Author and Affiliation: Evi Wezenbeek, Department of Rehabilitation SciencesGhent UniversityGent, Belgium

References:

  1. Cucinotta D and Vanelli M. WHO Declares COVID-19 a Pandemic. Acta bio-medica : Atenei Parmensis 91: 157-160, 2020.
  2. Huygaerts S, Cos F, Cohen DD, Calleja-González J, Guitart M, Blazevich AJ, and Alcaraz PE. Mechanisms of Hamstring Strain Injury: Interactions between Fatigue, Muscle Activation and Function. Sports (Basel) 8, 2020.
  3. Nieman DC. Risk of upper respiratory tract infection in athletes: an epidemiologic and immunologic perspective. Journal of athletic training 32: 344-349, 1997.
  4. Østergaard L. SARS CoV-2 related microvascular damage and symptoms during and after COVID-19: Consequences of capillary transit-time changes, tissue hypoxia and inflammation. Physiological reports 9: e14726, 2021.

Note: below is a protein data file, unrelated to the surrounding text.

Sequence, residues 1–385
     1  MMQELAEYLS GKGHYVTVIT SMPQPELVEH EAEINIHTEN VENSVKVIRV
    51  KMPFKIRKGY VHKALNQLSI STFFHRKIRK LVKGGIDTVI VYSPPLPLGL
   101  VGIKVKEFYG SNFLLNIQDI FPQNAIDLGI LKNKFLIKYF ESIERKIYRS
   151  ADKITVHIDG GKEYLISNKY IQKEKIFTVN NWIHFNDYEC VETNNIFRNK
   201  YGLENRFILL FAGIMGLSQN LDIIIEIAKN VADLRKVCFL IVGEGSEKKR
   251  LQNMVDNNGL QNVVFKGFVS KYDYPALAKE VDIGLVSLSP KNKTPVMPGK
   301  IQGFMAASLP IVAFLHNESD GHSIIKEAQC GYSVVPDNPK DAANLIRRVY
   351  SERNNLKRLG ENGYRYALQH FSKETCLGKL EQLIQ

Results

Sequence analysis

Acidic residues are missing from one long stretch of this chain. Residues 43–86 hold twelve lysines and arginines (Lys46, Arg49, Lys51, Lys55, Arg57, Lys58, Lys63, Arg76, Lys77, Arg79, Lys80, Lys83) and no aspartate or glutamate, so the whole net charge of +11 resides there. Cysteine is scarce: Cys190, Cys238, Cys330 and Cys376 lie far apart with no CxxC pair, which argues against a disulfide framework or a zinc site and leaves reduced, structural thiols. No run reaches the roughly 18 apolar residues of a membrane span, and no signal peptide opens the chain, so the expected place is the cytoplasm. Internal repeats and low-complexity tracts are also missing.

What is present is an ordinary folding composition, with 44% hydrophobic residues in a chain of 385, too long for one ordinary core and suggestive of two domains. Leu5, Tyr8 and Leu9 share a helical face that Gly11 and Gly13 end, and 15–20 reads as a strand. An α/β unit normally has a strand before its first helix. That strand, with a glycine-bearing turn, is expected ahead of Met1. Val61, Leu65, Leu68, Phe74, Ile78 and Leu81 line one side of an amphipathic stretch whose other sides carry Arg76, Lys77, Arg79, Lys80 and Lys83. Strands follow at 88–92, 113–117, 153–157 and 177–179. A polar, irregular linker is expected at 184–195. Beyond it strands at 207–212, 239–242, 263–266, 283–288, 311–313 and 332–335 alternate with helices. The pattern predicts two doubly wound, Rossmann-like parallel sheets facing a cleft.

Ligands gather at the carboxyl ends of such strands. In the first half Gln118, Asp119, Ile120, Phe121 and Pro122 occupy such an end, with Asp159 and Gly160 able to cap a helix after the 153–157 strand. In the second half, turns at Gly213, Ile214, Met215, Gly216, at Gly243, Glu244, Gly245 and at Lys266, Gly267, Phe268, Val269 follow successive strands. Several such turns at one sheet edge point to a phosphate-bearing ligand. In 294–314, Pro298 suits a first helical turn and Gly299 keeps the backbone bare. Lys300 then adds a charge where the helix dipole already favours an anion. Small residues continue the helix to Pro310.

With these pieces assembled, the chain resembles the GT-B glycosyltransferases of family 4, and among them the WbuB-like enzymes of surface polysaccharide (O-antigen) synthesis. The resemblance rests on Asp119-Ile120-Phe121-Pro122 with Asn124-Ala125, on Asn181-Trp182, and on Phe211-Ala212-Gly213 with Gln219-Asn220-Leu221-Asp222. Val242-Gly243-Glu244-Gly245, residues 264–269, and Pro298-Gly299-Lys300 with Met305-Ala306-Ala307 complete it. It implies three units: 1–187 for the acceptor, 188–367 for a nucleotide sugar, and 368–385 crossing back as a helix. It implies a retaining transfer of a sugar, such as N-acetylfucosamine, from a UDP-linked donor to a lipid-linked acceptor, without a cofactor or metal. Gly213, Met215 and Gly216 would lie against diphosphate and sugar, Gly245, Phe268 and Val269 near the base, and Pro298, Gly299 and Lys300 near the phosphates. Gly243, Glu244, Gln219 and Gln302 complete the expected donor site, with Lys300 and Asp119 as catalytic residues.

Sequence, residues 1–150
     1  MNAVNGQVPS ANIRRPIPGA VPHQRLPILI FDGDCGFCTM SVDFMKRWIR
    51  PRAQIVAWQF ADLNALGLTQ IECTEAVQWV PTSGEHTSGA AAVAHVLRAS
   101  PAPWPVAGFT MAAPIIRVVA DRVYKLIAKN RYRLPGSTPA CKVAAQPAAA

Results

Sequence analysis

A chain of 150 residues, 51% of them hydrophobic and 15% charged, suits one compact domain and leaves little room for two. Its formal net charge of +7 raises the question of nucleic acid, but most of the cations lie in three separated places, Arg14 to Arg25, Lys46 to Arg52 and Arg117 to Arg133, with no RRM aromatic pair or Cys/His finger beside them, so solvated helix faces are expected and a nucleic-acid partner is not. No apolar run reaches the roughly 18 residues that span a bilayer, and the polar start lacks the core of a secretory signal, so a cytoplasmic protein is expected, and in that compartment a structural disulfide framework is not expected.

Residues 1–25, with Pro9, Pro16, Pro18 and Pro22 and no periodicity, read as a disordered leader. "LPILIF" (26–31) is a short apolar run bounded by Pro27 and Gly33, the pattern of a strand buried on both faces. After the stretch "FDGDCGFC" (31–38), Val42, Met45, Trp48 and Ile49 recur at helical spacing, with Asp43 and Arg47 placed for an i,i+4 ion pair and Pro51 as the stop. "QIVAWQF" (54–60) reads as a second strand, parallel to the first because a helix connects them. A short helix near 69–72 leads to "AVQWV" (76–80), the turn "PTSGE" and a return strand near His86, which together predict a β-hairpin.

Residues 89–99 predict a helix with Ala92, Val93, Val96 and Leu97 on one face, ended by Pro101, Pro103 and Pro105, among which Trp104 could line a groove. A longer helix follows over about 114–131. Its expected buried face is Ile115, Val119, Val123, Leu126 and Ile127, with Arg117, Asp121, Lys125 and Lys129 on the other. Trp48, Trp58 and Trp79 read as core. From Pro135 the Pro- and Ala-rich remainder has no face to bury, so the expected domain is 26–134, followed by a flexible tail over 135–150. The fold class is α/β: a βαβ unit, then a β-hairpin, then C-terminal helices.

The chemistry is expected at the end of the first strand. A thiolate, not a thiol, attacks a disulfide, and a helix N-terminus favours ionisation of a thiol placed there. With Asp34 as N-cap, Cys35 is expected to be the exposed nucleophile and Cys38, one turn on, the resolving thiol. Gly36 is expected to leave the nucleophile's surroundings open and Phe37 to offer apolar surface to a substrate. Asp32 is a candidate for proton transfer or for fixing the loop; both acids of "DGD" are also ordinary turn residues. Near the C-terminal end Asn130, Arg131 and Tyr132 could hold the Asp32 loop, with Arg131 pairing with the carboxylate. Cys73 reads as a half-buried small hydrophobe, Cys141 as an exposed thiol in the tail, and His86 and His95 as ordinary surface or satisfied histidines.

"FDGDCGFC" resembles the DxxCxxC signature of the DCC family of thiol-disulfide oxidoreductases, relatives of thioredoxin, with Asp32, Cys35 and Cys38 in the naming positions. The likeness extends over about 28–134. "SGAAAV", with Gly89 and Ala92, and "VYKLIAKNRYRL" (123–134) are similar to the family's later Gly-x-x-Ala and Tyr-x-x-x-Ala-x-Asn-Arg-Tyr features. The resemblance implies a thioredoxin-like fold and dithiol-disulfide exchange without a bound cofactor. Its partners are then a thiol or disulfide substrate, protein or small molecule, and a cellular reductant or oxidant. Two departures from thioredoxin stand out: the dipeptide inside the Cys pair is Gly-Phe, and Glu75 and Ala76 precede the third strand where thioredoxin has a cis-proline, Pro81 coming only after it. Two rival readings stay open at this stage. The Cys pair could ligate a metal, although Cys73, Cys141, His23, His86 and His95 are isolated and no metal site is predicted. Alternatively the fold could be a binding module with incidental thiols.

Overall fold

5. Sarto F, Impellizzeri FM, Spörri J, Porcelli S, Olmo J, Requena B, Suarez-Arrones L, Arundale A, Bilsborough J, Buchheit M, Clubb J, Coutts A, Nabhan D, Torres-Ronda L, Mendez-Villanueva A, Mujika I, Maffiuletti NA, and Franchi MV. Impact of Potential Physiological Changes due to COVID-19 Home Confinement on Athlete Health Protection in Elite Sports: a Call for Awareness in Sports Programming. Sports medicine (Auckland, NZ) 50: 1417-1419, 2020.
  6. Wilson MG, Hull JH, Rogers J, Pollock N, Dodd M, Haines J, Harris S, Loosemore M, Malhotra A, Pieles G, Shah A, Taylor L, Vyas A, Haddad FS, and Sharma S. Cardiorespiratory considerations for return-to-play in elite athletes after COVID-19 infection: a practical guide for sport and exercise medicine physicians. British journal of sports medicine 54: 1157-1161, 2020.
  7. Zaborova V, Gurevich K, Chigirintseva O, Gavrilov V, and Rybakov V. Pandemical Influence on Athletic Events and Communications in Sport. Frontiers in sports and active living 3: 653291, 2021.